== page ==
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Artificial Intelligence Tools for Autonomous Counter-Countermeasures




OBJECTIVE: Develop novel methods to identify and mitigate vulnerabilities in autonomy agents designed to carry out Department of Defense (DoD) missions and develop software tools to automatically assess and identify vulnerabilities prior to deployment in government systems.


DESCRIPTION: Rapid advancements in Artificial Intelligence (AI) have resulted in increased development of autonomous agents that perform complex tasks previously requiring human operators. In the academic domain, AI agents have been used to defeat world-class experts in games such as Go and Shogi, and more recently, multiplayer games such as Quake III, Starcraft II and DOTA II. The DoD has rapidly adapted these technologies for a variety of tasks including mission planning, air combat operations, missile defense, and so forth. As with any rapidly advancing technology, identifying the weakness and vulnerabilities of the technology are as important as advancing the technology itself, which exploit the fragility of AI models often underpinning these autonomy solutions. However, these efforts typically focus only on perturbation in input data received by an AI model and not the autonomy system as a whole.


In this effort, the Navy intends to analyze the entire autonomy development, integration, and deployment process to develop methods that can identify strategies to counter opponent autonomous systems, as well as development of red-teaming methods to mitigate the effectiveness of potential counter autonomy techniques developed by adversaries.


Work produced in Phase II may become classified. Note: The prospective contractor(s) must be U.S. owned and operated with no foreign influence as defined by 32 U.S.C. § 2004.20 et seq., National Industrial Security Program Executive Agent and Operating Manual, unless acceptable mitigating procedures can and have been implemented and approved by the Defense Counterintelligence and Security Agency (DCSA) formerly Defense Security Service (DSS). The selected contractor must be able to acquire and maintain a secret level facility and Personnel Security Clearances. This will allow contractor personnel to perform on advanced phases of this project as set forth by DCSA and NAVAIR in order to gain access to classified information pertaining to the national defense of the United States and its allies; this will be an inherent requirement. The selected company will be required to safeguard classified material during the advanced phases of this contract IAW the National Industrial Security Program Operating Manual (NISPOM), which can be found at Title 32, Part 2004.20 of the Code of Federal Regulations.


PHASE I: Analyze existing autonomy approaches for relevant air combat missions. Identify potential attack surfaces in which counter autonomy could potentially be employed to defeat the autonomy and determine the risk potential of these vulnerabilities. Using information from all missions and analysis develop a counter autonomy ontology and suggested approaches. The Phase I effort will include prototype plans to be developed under Phase II.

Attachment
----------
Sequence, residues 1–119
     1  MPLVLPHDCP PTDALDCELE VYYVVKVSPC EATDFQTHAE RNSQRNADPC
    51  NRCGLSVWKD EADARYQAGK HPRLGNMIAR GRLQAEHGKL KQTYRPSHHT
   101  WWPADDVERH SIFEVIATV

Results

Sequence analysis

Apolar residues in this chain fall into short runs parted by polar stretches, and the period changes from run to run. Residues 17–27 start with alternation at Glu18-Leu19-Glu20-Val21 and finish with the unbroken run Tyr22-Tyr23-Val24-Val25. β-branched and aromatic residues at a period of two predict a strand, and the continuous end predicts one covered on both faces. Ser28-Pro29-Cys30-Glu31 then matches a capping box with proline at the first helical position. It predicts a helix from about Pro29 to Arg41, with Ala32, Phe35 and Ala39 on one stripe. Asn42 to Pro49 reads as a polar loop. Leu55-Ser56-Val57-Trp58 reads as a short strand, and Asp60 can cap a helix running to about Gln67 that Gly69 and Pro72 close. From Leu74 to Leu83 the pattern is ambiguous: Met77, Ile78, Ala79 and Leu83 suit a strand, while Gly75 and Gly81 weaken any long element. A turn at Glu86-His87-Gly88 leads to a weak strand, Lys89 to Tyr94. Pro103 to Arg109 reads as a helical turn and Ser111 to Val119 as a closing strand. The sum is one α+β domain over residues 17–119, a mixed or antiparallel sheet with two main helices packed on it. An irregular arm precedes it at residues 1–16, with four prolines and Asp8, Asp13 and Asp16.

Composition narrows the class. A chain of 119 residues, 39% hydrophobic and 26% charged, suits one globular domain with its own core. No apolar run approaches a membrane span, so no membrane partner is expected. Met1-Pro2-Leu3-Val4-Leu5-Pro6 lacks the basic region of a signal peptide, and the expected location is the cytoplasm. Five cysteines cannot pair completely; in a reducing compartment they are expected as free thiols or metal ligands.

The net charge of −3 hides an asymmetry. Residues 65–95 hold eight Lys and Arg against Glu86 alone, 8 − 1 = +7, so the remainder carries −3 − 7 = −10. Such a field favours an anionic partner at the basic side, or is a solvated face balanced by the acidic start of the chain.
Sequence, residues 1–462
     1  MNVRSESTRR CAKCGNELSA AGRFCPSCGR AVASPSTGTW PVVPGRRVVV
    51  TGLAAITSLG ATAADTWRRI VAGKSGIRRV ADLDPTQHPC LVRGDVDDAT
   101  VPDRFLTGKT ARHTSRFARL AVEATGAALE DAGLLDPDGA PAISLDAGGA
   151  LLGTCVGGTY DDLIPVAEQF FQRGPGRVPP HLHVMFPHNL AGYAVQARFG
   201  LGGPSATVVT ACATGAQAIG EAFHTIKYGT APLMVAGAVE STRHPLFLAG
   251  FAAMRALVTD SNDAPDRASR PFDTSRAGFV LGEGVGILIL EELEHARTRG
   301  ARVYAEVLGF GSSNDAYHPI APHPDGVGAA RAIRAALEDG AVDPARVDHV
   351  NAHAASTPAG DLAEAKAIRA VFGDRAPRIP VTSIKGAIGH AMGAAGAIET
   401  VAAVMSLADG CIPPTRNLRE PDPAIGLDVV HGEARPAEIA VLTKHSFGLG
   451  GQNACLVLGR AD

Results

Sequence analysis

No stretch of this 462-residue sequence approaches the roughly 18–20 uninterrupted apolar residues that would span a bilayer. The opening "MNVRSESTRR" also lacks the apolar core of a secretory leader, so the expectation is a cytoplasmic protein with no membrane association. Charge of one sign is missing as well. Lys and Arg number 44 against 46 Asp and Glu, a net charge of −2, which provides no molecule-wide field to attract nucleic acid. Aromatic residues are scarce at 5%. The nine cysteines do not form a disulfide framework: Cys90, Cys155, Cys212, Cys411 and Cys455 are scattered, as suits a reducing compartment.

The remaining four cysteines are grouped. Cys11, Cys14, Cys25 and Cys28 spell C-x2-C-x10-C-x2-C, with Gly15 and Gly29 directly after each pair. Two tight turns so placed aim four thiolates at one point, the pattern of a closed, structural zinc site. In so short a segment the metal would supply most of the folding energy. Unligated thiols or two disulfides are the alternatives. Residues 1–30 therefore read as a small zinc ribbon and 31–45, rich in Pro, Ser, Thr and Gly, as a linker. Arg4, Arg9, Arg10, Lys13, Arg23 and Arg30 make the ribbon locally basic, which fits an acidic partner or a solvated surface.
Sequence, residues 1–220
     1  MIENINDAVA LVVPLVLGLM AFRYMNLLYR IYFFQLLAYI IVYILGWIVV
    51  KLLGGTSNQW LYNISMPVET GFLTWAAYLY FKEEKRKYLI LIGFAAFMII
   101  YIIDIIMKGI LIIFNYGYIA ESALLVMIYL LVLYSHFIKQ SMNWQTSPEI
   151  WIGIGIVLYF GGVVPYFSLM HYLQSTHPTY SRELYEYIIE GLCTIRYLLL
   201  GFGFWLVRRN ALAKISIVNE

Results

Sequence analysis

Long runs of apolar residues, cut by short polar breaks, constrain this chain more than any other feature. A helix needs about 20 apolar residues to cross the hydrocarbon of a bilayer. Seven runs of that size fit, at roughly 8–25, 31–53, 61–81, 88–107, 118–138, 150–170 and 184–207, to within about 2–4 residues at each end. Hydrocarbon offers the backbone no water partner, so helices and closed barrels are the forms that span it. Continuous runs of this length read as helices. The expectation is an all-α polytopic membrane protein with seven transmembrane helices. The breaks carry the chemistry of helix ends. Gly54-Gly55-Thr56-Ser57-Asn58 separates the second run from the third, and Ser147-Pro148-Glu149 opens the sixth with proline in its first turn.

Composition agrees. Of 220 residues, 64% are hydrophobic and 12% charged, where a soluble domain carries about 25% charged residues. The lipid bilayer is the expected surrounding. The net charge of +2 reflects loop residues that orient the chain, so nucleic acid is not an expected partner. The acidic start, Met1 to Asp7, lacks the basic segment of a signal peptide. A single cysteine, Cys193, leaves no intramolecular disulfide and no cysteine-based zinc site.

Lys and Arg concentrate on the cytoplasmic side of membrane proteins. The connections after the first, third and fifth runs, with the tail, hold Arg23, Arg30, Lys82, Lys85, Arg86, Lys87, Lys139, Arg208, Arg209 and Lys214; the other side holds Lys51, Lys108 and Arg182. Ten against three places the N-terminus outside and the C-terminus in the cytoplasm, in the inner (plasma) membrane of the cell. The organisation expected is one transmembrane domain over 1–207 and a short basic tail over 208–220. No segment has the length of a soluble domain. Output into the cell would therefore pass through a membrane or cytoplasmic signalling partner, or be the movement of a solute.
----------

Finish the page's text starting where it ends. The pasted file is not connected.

PHASE II: Extend the research toward government provided reference scenarios. Develop and refine prototype algorithms for identifying high-risk vulnerabilities in autonomy agents. Demonstrate the ability to identify multiple types of vulnerabilities in deployable agents. Ensure that developed prototype can be integrated with Navy systems in Phase III.


Work in Phase II may become classified. Please see note in Description section.


PHASE III DUAL USE APPLICATIONS: Develop operational capability for use in Navy DevSecOps air worthiness framework including user and design documentation.


This research on decomposing the Autonomy and AI software supply chain aims to identify vulnerabilities from a security perspective, offering significant dual-use potential for both the DoD and private sectors. Industries such as telecommunications, transportation, and critical infrastructure can leverage these insights for enhanced cybersecurity measures. The findings will inform improved software development practices, aiding tech companies in creating more secure AI systems. Additionally, sectors handling sensitive data, like finance and healthcare, can benefit from advanced risk management strategies. While the research has broad commercial applications, particularly in AI safety and ethics, the dissemination of sensitive findings will be carefully managed to maintain a balance between public sector innovation and national security. This approach ensures the strategic advantages of the research are preserved while supporting technological advancement in various industries.



  1. Bookman, L., Clymer, D., Sierchio, J., & Gerken, M. (2022, June). Autonomous system identification and exploitation through observation of behavior. In Artificial Intelligence and Machine Learning for Multi-Domain Operations Applications IV (Vol. 12113, pp. 76-85). SPIE.
  2. Gupta, A., & Krishnamurthy, V. (2022). Principal–Agent Problem as a Principled Approach to Electronic Counter-Countermeasures in Radar. IEEE Transactions on Aerospace and Electronic Systems, 58(4), 3223-3235.
  3. Maybury, M., & Carlini, J. (2020). Counter autonomy: Executive Summary. Defense Science Board, Washington, D.C.
  4. National Industrial Security Program Executive Agent and Operating Manual (NISP), 32 U.S.C. § 2004.20 et seq. (1993).


KEYWORDS: Artificial Intelligence; A.I.; Machine Learning; Counter-counter measures; Autonomy; Reinforcement Learning

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